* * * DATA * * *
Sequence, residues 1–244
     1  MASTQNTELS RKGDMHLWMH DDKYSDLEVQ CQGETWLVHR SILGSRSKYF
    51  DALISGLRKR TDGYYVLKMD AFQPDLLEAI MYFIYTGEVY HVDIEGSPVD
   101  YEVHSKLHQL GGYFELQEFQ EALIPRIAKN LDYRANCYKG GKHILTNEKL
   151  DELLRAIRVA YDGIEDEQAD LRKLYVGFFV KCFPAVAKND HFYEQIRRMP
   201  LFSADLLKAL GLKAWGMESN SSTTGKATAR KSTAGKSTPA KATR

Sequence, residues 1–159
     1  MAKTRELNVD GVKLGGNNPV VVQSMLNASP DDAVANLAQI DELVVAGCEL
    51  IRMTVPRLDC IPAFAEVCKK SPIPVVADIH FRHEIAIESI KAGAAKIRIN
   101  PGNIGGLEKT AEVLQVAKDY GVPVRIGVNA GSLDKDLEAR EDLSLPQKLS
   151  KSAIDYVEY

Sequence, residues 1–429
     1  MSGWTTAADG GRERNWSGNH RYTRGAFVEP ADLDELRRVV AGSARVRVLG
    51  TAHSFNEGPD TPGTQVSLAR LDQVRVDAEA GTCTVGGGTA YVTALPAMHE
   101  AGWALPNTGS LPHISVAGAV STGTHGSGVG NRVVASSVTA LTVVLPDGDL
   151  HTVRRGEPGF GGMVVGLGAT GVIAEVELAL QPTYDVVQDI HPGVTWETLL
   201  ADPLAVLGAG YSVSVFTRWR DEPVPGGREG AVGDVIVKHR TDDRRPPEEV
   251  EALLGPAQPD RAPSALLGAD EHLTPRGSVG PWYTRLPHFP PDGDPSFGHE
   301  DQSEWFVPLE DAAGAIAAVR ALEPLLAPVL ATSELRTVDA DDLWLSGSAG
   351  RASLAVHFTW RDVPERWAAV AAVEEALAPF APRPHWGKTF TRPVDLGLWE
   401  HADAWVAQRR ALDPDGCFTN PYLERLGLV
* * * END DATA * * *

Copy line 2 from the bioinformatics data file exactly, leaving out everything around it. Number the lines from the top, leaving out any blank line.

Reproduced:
     1  MASTQNTELS RKGDMHLWMH DDKYSDLEVQ CQGETWLVHR SILGSRSKYF